I was speaking with Ron Popeil the other day. I told him about wanting to go back on-air on a TV Shopping Network. He agreed it would be great but difficult given my age in today’s youth-oriented world.
He made a great suggestion. I told him I had reached out to almost everyone I knew in the industry and had gotten zero response. It seems some of the former vendors forgot the millions I helped them to make. I always went the “extra mile” with our vendors, trying to sell as much of their products as I could.
Ron suggested that I offer to work for free for a few weeks to show that I could outsell almost anyone. I balked at first, believing that working for free is a form of slavery. But I realized that he is right. At the moment, I am an unproven commodity. A little bread on the water could help to show that I can still get the job done.
I will communicate this to my contacts and see what happens. While I am concerned that none of them got back to me initially, this offer could move them to action. Or it could sound like the desperate attempt of an old fart trying to be relevant again. We’ll see.
For giggles, here’s the story about how I met Ron Popeil:
Ron Popeil is one of my closest friends. We first met at QVC almost 30 years ago. Ron invented selling products directly on TV. I’ll bet anyone reading this book owns at least one of his inventions. I bought my mother a Veg-O-Matic back in the 1960’s. I had and used a Popeil Pocket Fisherman many, many times. I even bought one for my brother and we caught a bunch of New Jersey flounder with them. Even had a Mr. Microphone. Except when I said, “Hey good lookin’, I’ll be back to pick you up later,” I seem to recall the young lady giving me the finger.
Ron cut his teeth in the greatest learning laboratories there are for direct response selling; live in-store demos and county fairs. I liken his experience to the Beatles in Hamburg, Germany. When they arrived there in the early 60’s, they were raw and not very good. Playing 10-12 hours a day, 7 days a week honed their musical chops and performing skills. Same with Ron. After seemingly endless days demonstrating the same products over and over again, he got to be the best there is. And he keeps learning and growing even today.
During one of Ron’s first appearances on QVC, he was selling the food dehydrator he invented. I had one and knew that it worked very well, which made me excited to present it. He was doing a presentation that was almost identical to his infomercial, using well over a dozen dehydrators, each one loaded to show a different use. When I told him that in our medium, sometimes less was more, he balked, even though the product had not been doing well that day. When I suggested he should do the presentation with fewer dehydrators, he actually freaked out. Not the kind of guy you want mad at you. He tore me a new one. Hey, he was Ron Popeil and I was just a shopping host.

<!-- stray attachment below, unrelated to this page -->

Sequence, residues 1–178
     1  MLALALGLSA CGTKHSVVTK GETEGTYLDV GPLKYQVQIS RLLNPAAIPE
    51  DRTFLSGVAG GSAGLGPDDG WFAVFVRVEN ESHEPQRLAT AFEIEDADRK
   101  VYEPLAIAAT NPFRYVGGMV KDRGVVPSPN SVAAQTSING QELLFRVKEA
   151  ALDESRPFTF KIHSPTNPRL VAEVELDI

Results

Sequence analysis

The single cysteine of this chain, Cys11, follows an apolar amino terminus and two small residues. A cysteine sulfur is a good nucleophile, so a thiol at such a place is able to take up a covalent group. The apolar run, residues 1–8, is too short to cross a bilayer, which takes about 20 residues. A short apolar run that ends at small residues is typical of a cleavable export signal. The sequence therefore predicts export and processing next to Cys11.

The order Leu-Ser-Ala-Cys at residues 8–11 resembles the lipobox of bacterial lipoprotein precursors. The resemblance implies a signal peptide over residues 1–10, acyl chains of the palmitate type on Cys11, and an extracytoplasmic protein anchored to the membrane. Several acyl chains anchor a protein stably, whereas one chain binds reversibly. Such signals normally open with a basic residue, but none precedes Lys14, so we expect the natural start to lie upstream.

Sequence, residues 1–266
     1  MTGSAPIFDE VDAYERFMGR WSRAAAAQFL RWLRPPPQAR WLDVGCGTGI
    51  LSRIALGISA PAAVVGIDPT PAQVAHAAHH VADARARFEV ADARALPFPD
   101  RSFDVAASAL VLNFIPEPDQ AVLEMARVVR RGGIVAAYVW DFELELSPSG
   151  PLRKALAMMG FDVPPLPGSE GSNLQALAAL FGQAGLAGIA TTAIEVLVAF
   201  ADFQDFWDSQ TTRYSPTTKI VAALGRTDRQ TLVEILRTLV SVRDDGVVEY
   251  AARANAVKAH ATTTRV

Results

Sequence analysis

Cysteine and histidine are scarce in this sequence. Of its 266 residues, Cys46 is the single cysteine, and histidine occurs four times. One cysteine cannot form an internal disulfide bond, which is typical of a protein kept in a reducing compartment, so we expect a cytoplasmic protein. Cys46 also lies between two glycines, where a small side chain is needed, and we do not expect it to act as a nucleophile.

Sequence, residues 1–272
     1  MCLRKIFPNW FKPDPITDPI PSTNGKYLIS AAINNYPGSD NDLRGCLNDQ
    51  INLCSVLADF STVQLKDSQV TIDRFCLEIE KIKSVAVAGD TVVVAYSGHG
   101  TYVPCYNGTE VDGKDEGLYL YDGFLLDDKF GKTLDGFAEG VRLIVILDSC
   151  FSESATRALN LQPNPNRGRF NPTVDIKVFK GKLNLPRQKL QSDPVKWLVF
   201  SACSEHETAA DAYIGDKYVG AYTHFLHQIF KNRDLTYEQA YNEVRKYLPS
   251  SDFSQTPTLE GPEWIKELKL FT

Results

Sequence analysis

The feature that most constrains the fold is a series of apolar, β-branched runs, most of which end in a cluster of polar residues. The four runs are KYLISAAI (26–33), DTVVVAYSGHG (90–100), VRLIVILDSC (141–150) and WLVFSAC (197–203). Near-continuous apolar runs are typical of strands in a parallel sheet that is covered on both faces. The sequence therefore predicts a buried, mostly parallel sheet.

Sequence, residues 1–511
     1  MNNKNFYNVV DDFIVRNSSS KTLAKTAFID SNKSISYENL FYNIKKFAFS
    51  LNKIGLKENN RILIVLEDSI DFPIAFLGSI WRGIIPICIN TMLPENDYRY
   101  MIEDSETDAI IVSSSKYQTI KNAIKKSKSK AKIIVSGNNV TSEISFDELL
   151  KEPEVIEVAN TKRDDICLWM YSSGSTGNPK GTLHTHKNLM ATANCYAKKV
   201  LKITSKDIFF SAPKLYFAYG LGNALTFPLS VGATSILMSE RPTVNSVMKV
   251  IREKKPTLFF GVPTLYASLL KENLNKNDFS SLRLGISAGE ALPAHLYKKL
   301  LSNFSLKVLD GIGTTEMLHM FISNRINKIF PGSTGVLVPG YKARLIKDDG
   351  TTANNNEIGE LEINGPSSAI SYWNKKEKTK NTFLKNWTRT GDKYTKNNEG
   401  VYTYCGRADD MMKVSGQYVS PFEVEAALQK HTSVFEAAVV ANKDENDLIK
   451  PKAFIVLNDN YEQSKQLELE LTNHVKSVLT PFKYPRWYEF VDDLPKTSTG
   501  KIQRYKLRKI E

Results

By now, you know the way to get me to do something is to tell me not to do it, especially if I know I’m right. I had no doubt he was wrong. The dynamics of an 8-10 minute presentation on QVC are really different than a half hour infomercial. On a shopping channel, you tell ‘em what it is, what it can do for them and how much it is and keep repeating the process until you’re out of time. In a 30 minute infomercial (actually 28:30), you have time to finesse the product and plenty of time for multiple demos. On QVC, hit the high points and move on was the order of the day.
When he left, I removed all but 3 dehydrators from the display, hiding the others backstage. When I introduced Ron at the beginning of the presentation, he looked shocked. If looks could kill, he’d have dropped me right there. He did, however, go along with the streamlined presentation, which concentrated on making jerky, dried fruits and fruit roll ups (the primary uses for the dehydrator).
The unit sold out in a few minutes, well before the presentation was over. After we were off the air, he told me he was furious at me at first but then realized I was right when the unit sold out so quickly. We have been fast friends ever since.
Ron and I went on to host dozens of successful programs on QVC through the years. It made me smile when we would outsell the big deal QVC chef (yeah, that one) with the same product, usually the rotisserie. I’m not a chef nor do I pretend to be one. Neither does Ron. We both just showed how easy and useful the product was.
I have also hosted three infomercials with Ron. Two of them are among the most successful infomercials in history.
I consider Ron a mentor in the industry. He taught me that you can never prepare too much for a presentation. We worked together for years before shooting all the infomercials. I made several trips to California for the latest one we did. When I’m with him, we spend days creating effective and entertaining demos. Well into his 80’s, Ron regularly puts in 16-18 hour days. He is amazing!
Ron taught me so much about the world of direct response selling. He says I’ve taught him a great deal about the subject as well. That’s the thing with a mentoring relationship. If it’s done properly, both parties get as much, if not more, than they put into it.
Ron is also a great family man. It’s a real hoot to see him with his wife and daughters. From his own example, he showed me the importance of taking time to appreciate family and friends. I am a far better person from knowing him.